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What to Read When You're Feeling Melancholic About a Lost Love

Claire Handscombe


Sometimes, when we’re heartbroken or melancholic, we might want to read books that will cheer us up. Other times, though, we want to wallow in those feelings. Here are some books to help with that wallowing.

“Come to the Edge”, by Christina Haag

I’ve written about this memoir before: it’s one of my very favourite books and deserves to be so much better known. Christina Haag writes movingly of the deep love she shared with John Kennedy, Jr. Her writing is exquisite. “Lyrically and precisely recaptures the frenetic ecstasy of early love,” the Washington Post review said of this memoir, and I wholeheartedly agree. But it’s tinged with sadness from the beginning: you know this joy won’t last, that it’s all the more precious for it, and that adds a beautiful poignancy to the book.

The Song Is You”, by Arthur Phillips

Julian’s first love has always been music. His second was his wife, Rachel, but he has lost her in the midst of sad family circumstances. When he wanders into a bar and hears Cait O’Dwyer sing, he thinks he may have found the third. This is a novel of wistful longing, of desperation for the unattainable. Arthur Phillips makes poetry out of the everyday, like the clicking of the wheel on an iPod (remember those?) as Julian walks along a Brooklyn street.

“Like Water for Chocolate”, by Laura Esquivel

When Tita meets Pedro, neither has any doubt: they are destined to be together. But Mexican tradition disagrees; Tita’s destiny is something else entirely. As the youngest daughter, her role is to care for her (not particularly likeable) mother until she dies. In desperation, Pedro agrees to marry Rosaura, the older sister, so he can be near Tita. If you like your heartbreak with a touch of magical realism, this is the book for you.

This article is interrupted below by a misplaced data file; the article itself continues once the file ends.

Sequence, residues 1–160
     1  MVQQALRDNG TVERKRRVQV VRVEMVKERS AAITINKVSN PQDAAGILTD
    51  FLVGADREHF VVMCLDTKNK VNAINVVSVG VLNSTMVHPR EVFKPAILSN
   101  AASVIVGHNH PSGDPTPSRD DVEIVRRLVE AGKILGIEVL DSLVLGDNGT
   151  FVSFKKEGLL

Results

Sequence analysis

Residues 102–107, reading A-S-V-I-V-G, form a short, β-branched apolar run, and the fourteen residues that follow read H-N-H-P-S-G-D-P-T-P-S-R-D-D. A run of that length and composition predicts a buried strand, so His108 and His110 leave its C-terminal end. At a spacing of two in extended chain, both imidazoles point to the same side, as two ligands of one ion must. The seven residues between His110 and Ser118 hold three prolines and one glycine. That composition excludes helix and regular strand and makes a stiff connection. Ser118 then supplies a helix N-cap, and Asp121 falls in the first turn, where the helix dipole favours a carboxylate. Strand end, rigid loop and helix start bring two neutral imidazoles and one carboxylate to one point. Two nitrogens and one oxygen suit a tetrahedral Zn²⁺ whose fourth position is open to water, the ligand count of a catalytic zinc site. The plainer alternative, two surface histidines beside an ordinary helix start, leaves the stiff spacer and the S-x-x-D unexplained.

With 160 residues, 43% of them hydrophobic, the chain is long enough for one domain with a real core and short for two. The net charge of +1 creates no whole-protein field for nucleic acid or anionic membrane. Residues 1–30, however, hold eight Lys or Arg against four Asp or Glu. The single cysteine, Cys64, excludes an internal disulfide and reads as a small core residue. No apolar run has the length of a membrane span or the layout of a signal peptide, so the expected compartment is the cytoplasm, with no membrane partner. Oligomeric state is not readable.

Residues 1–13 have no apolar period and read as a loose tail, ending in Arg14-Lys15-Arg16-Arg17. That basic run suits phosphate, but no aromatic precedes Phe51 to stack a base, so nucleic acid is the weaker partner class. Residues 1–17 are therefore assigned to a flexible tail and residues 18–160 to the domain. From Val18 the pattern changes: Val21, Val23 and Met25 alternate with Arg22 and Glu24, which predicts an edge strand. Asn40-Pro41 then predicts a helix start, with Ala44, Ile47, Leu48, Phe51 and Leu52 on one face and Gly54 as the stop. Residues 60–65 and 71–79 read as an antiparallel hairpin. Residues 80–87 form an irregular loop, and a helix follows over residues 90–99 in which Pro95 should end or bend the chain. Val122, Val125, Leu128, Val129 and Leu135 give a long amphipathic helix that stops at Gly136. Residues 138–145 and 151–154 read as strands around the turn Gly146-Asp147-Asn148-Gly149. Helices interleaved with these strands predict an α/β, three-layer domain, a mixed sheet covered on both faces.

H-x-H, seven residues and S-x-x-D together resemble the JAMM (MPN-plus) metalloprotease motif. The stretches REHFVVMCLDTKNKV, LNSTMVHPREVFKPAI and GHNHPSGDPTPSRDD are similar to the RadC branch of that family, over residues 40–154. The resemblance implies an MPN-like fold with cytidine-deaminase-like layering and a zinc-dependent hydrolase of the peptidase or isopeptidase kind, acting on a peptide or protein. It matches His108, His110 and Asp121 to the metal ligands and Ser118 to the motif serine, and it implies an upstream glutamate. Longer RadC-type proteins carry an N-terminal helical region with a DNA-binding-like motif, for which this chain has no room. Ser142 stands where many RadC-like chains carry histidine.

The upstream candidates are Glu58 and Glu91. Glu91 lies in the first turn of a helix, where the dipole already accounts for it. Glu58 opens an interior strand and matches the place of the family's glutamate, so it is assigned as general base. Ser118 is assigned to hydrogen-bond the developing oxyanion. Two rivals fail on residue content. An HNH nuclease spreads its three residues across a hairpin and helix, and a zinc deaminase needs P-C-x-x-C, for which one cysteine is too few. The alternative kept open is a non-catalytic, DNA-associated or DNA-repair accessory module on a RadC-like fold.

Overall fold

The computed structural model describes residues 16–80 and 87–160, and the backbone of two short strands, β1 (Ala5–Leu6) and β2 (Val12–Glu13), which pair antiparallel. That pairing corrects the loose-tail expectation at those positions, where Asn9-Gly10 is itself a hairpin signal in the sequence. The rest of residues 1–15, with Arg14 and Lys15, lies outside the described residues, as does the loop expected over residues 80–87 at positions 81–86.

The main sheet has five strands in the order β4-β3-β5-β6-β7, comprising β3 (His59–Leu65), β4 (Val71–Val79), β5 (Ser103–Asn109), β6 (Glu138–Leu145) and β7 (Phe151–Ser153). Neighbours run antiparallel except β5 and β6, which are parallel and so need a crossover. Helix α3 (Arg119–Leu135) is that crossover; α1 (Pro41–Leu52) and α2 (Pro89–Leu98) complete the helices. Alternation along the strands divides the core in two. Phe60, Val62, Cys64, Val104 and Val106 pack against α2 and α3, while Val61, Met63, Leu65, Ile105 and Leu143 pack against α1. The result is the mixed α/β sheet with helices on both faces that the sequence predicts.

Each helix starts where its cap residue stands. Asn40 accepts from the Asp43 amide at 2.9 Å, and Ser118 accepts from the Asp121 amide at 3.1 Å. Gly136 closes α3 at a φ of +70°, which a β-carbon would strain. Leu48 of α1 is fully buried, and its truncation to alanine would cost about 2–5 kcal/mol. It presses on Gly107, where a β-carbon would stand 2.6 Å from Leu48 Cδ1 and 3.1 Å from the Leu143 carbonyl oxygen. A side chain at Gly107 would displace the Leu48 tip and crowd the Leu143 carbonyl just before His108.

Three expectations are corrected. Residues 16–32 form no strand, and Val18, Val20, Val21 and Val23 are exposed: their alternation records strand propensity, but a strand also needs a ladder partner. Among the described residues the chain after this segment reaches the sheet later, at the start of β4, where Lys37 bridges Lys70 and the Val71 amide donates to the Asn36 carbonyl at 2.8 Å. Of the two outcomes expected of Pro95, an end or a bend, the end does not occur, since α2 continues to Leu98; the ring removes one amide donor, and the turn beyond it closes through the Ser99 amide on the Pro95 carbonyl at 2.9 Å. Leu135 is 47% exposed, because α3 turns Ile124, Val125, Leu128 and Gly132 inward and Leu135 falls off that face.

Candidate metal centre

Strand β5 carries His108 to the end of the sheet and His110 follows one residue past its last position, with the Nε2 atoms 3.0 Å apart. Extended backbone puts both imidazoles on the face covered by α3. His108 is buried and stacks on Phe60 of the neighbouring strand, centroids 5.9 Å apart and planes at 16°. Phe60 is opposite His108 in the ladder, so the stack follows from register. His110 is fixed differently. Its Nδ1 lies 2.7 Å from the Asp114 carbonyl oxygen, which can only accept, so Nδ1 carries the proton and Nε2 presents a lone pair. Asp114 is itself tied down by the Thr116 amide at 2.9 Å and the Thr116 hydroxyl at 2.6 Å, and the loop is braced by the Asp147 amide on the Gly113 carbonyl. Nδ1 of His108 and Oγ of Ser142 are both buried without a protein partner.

The Time Traveler’s Wife by Audrey Niffenegger

Henry is forever leaving Clare to go to the future or the past. “Don’t you think,” she asks at one point, “that it’s better to have been extremely happy for a short while, even if you lose it, than to just be okay your whole life?” If you’ve wondered about this question too, read this book. It is a wonderful way of exploring it.

Do you have a favourite book on the theme of romantic heartbreak?

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Claire Handscombe is a British writer who moved to Washington, DC, in 2012, ostensibly to study for an MFA in Creative Writing, but really, let’s be honest, because of an obsession with The West Wing. She is the host of the Brit Lit Podcast, a monthly show about news and views from UK books and publishing; the author of Unscripted, a novel about a young woman with a celebrity crush and a determined plan; and the editor of Walk With Us: How The West Wing Changed Our Lives.

Washington, DC

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